Wednesday, April 29, 2009

Not All Fights

Max Fisher has sighed deeply, clenched his fist, and taken the time to detail some of the travails of vegetarianism as he experiences them: his account features phrases such as "learning to accept," "fundamentally immoral," "vegetarianism making sense to me in the abstract but seeming impossible in the actual," "overcome the fears," "changed lives." And all that comes by the fourth paragraph!

Apparently I'm doing vegetarianism the wrong way, because my experience is nothing as overwrought as all that. It's all but unnoticeable, in fact. Among friends and family, I accept or decline food when offered, and its rare that this should require a prolonged, let alone agonizing, explanatory digression. In restaurants, I read menus and make selections. At the grocer, I generally know what I'm putting in the cart, but if not, I read the label and make a choice. No one's feelings are exposed; no bonds of affection are strained to any limits; no tears, trials, or revelations of character are needed.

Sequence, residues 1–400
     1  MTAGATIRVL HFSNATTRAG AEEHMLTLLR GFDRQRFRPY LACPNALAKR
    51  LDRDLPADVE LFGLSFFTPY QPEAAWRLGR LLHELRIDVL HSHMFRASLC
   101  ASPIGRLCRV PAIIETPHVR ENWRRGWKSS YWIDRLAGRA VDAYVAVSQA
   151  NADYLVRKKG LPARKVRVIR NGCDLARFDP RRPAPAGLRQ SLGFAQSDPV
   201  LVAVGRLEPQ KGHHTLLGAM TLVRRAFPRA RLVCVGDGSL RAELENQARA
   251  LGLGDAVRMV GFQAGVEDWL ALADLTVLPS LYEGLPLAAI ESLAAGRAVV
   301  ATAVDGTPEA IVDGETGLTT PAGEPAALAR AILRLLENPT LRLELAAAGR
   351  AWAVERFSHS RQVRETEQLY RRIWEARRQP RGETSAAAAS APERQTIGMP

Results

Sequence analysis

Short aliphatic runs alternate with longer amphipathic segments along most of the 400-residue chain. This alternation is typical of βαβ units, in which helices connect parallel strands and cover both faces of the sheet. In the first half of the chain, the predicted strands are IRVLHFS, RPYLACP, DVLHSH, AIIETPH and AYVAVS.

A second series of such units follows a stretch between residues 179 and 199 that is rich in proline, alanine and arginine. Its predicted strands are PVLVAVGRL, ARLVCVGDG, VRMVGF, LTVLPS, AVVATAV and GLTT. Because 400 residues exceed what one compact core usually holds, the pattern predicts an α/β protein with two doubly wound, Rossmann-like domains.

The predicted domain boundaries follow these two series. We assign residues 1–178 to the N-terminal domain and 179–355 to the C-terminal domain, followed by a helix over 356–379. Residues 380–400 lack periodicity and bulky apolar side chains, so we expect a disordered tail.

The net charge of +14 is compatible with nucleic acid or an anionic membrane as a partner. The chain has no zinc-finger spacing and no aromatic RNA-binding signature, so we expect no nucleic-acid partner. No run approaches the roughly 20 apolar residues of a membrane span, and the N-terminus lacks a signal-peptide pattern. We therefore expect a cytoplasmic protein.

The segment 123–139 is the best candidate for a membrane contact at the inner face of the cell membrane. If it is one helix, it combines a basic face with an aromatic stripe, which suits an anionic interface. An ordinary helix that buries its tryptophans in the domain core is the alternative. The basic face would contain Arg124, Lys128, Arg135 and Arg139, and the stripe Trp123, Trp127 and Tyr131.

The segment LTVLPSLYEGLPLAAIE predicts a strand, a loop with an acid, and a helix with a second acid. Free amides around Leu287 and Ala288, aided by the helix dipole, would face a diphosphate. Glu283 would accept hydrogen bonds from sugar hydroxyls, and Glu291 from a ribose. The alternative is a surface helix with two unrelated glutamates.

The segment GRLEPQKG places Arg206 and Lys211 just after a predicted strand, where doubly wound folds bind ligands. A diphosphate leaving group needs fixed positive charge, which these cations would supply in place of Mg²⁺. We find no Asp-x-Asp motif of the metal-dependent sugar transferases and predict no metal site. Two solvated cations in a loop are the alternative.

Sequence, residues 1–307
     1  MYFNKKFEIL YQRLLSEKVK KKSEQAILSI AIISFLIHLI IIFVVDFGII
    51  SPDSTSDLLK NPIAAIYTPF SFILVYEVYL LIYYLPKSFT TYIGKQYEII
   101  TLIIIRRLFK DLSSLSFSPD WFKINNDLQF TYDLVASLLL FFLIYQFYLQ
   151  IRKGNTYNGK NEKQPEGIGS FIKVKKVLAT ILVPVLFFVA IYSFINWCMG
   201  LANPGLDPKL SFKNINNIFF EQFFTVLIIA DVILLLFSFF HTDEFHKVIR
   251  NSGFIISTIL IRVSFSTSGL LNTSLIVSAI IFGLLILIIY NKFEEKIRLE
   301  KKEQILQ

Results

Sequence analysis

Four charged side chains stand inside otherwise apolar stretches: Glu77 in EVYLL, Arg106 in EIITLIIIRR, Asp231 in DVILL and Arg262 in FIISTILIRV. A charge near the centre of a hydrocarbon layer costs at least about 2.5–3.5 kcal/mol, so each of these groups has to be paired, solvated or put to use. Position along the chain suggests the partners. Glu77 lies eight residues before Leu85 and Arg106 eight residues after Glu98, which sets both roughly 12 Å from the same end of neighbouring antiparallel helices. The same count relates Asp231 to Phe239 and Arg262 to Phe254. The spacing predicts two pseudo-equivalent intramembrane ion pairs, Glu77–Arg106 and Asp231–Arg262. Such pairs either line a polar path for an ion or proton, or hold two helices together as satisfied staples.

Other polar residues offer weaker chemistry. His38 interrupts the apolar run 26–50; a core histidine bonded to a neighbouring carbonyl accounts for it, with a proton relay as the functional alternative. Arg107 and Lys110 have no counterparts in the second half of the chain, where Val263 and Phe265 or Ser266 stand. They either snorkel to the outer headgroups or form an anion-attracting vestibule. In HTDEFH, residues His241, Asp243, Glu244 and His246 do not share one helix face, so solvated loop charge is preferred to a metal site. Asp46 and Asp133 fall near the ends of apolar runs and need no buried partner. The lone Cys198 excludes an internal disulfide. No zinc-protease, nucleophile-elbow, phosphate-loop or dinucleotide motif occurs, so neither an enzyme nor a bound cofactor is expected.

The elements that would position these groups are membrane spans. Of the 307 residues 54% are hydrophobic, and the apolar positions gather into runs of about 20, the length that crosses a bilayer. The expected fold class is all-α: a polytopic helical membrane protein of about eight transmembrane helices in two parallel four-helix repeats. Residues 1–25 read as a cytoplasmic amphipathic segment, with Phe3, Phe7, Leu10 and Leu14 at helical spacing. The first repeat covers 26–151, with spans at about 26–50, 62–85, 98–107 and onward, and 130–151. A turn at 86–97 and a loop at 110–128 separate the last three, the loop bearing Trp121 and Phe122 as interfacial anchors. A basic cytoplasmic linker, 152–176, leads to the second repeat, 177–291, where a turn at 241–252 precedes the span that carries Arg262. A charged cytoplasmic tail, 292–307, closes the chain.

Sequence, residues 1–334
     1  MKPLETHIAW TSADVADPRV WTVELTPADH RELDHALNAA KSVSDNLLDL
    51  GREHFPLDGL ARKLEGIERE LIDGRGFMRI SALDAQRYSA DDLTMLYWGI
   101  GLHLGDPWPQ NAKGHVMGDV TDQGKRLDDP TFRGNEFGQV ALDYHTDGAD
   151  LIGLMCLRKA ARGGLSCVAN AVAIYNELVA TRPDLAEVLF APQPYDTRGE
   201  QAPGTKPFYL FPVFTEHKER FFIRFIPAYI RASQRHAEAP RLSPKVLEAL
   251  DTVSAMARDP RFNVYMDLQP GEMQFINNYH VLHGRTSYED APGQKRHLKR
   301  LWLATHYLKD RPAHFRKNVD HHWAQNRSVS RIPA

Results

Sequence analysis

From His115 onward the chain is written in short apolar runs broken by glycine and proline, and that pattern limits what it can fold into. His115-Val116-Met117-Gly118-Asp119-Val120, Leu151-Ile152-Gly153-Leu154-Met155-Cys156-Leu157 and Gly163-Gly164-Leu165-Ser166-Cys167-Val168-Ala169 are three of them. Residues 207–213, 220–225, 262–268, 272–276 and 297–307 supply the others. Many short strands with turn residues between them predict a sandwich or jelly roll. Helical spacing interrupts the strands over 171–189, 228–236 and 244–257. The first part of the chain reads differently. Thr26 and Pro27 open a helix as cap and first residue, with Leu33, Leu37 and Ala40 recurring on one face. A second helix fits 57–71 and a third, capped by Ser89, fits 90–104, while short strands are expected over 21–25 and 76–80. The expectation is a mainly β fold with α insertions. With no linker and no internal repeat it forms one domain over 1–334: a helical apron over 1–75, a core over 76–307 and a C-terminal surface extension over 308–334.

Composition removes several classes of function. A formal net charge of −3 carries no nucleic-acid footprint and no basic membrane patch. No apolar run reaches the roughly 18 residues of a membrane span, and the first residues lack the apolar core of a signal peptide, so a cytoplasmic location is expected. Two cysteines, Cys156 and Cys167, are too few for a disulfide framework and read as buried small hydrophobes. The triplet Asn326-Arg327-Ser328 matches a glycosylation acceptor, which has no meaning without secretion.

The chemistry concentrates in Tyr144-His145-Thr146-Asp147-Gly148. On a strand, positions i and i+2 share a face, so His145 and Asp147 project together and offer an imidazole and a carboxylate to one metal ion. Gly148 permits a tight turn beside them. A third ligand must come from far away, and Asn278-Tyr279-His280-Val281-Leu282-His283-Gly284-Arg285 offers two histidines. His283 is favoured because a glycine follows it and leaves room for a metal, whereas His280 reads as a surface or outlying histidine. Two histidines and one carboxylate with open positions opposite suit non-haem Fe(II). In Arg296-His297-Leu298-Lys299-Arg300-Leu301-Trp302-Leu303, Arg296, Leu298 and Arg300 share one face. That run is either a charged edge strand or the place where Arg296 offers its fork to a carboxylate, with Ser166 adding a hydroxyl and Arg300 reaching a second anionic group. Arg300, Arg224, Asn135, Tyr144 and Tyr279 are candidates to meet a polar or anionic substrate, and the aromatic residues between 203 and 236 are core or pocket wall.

As someone with an endless appetite (so to speak) for certain fights that others report finding pointless, I suppose I should find a lesson lurking somewhere nearby.

Maybe. But to Max Fisher's histrionics, I will borrow a reply from Sergeant Hulka given to the character of Francis in this perfect scene from Stripes.

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